At the start of the Covid-19 pandemic there were massive shutdowns and heavy restrictions on public movement as America scrambled to slow the spread of the virus. Only essential businesses were allowed to remain open under limited operations in order to sustain the basic needs of the population. But what constitutes an essential business? Clearly front-line responders and emergency medical services were necessary. Grocery stores and delivery services kept people in supply of necessary sustenance and other basic household essentials. But then other businesses such as fast food and other types of restaurants were allowed to remain open under a take-out or delivery framework. This is where the definition of essential starts to break down. I can understand the need for food that requires little to no preparation for individuals who do not have a kitchen to prepare food in, but at what point is the restaurant industry staying open putting more people at risk than it is helping?

As I spent the entirety of the pandemic working at Starbucks, I questioned just how essential Starbucks was. After all, didn’t billionaires spend many an article telling millennials that if they just stopped buying a $4 latte every day, they would be able to afford a house in a few short years? As Helaine Olen points out in her article critiquing this advice, that math doesn’t quite work, but the underlying message is still that buying an overpriced coffee beverage at a café is a luxury, not a necessity. So, if expensive coffee beverages are a luxury, why should the popular chain stay open at put its employees at risk? Because despite reduced capacities and store closures when an employee inevitably caught Covid-19, the company still stood to make a profit. According to the Starbucks Q4 fiscal review, the consolidated net revenue for the company came in at $23.5 billion with an 11.3% decrease from the previous fiscal year.

Starbucks did take some steps to increase benefits for employees during the pandemic such as temporary hazard pay, additional paid leave, and a free food and drink benefit. The hazard pay, which was a $3 raise from March to May 2020 brought employees closer to a $15 living wage for a short time. Yet this ended quickly as Starbucks chose to end the pay while removing safety precautions such as opening the café and allowing indoor seating which has been proven to be a major factor in spreading the Covid virus. As Forbes staff writer Suzanne Rowan Kelleher explains in her article about a new study, Covid-19 can spread between diners in under 5 minutes and up to over 3 times the 6-foot distance recommended by the CDC. By opening the café to indoor dining, Starbucks put their customers and employees at an extremely high risk for contracting Covid-19 while discontinuing the hazard pay. The incentive to increase profits once the reality set in that the pandemic wasn’t going away anytime soon won out over concern for public health.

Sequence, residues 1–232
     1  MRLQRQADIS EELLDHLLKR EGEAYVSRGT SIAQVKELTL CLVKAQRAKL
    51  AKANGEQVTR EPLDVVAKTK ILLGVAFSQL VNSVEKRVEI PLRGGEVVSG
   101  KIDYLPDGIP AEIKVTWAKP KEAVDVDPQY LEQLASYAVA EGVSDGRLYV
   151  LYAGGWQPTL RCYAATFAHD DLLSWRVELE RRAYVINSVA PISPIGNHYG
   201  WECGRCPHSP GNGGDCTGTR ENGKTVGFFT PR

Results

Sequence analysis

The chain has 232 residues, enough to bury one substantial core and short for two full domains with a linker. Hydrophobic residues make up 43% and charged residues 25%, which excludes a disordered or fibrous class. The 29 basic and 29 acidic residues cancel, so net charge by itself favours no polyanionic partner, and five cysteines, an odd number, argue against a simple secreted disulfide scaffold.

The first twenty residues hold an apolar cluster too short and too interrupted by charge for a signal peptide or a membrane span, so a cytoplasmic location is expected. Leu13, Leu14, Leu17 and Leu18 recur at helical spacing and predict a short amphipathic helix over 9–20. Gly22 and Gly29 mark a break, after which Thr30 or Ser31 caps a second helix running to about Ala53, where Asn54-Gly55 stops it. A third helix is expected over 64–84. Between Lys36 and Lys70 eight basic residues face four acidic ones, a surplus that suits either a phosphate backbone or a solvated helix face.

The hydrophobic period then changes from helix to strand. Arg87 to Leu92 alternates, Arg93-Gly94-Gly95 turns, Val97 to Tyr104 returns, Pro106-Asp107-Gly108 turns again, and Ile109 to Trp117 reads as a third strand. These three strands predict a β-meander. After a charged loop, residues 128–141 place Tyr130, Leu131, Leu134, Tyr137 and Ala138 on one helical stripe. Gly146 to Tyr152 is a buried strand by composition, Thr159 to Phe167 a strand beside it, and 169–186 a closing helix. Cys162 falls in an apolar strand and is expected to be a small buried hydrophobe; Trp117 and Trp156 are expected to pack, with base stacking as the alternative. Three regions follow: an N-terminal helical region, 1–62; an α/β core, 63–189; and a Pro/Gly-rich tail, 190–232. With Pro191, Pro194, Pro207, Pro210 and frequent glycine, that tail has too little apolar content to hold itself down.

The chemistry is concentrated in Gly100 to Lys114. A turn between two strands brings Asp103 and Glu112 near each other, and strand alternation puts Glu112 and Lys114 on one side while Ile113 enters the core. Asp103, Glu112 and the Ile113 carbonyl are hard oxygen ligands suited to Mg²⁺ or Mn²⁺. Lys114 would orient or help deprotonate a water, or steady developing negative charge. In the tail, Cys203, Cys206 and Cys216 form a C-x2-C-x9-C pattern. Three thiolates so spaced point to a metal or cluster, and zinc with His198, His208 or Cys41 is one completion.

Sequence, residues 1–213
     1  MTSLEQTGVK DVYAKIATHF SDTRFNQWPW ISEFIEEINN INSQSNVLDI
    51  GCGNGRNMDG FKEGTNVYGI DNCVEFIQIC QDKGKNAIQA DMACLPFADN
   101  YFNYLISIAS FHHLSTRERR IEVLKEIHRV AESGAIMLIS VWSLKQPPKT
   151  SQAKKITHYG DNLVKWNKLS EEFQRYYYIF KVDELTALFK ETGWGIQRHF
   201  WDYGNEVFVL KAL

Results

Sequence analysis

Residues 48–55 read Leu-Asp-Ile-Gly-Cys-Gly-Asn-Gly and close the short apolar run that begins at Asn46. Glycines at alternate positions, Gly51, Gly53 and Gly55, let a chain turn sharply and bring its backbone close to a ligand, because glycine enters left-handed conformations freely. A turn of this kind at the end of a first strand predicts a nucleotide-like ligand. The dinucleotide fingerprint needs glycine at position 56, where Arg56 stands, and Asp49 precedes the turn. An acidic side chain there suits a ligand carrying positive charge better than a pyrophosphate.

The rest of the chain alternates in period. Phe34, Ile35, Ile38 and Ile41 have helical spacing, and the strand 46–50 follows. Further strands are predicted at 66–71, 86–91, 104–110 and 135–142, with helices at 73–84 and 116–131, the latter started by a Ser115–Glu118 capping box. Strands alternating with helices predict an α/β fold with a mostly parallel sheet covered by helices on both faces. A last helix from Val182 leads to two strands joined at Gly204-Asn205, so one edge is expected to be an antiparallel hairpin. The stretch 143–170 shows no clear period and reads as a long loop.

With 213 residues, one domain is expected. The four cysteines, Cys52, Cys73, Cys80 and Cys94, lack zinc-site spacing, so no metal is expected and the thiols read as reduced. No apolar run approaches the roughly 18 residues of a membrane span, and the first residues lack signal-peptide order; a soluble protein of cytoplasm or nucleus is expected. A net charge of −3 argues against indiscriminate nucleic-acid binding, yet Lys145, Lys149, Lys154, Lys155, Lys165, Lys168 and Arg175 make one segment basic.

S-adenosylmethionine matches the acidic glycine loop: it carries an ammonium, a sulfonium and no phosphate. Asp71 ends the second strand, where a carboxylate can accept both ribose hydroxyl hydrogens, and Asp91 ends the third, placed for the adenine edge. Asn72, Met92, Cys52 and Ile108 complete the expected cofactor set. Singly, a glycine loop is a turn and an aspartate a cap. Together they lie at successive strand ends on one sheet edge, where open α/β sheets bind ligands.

Many Starbucks customers would probably disagree that Starbucks is a luxury not a necessity, as countless, unmasked, people thanked me profusely for being there to serve them. I mean, how else could they survive working from home without coffee right? In fact, early in the pandemic all essential workers were being lauded as heroes for continuing to work and provide necessary services for everyone despite the risk we were taking. Most essential workers did not have the choice to serve others despite the risk; they were forced to choose between risking their health and risking losing all income. Essential workers aren’t heroes, their hostages of a capitalist structure that forces people into impossible choices.

Despite the enthusiastic gratitude customers had for their baristas, they rarely took the appropriate safety precautions such as wearing a mask for the few moments they were in contact with us. I remember being asked by a customer in the drive thru if I “felt safe” working during the pandemic while she was not wearing a mask and a mere three feet from my face. While looking at her collection of masks hanging from her rear-view mirror she elected not to use, I answered honestly; it was not safe, and people rarely made the effort to make it safer. And this was the behavior from the nice customers. Customers clearly didn’t value the health or safety of the people providing them their necessary service which only became clearer the longer the pandemic stretched on as people became laxer about wearing masks and maintaining social distancing.

Even when faced with store closures due to positive Covid-19 cases, customers continued to disregard safety precautions and even pretended to not understand why we would have been in quarantine for exactly 14 days in order to justify their actions. In addition, customers have become increasingly less grateful for our continued operation as the pandemic has gone on regardless of how severe the circumstances have been. During the weeks where thousands of people were dying of Covid-19 every day, customers continuously asked us when we would be discontinuing the minimal safety precautions put in place with a clear disregard for just how dangerous that would be for all of us involved.


Kelleher, S. R. (n.d.). This Is How Quickly Covid-19 Can Spread In A Restaurant, Per New Study. Forbes. Retrieved April 7, 2021, from

Olen, H. (2016, May 26). Your Latte Isn’t Why You’re in Debt, and the People Who Say It Is Are Lying to You. Slate Magazine.

Starbucks. 2020. Starbucks Report Q4 Fiscal 2020 Results.